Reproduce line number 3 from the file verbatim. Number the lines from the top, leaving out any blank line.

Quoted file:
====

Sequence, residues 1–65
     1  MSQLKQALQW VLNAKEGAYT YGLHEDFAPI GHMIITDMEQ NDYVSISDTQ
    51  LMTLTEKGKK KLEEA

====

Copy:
    51  LMTLTEKGKK KLEEA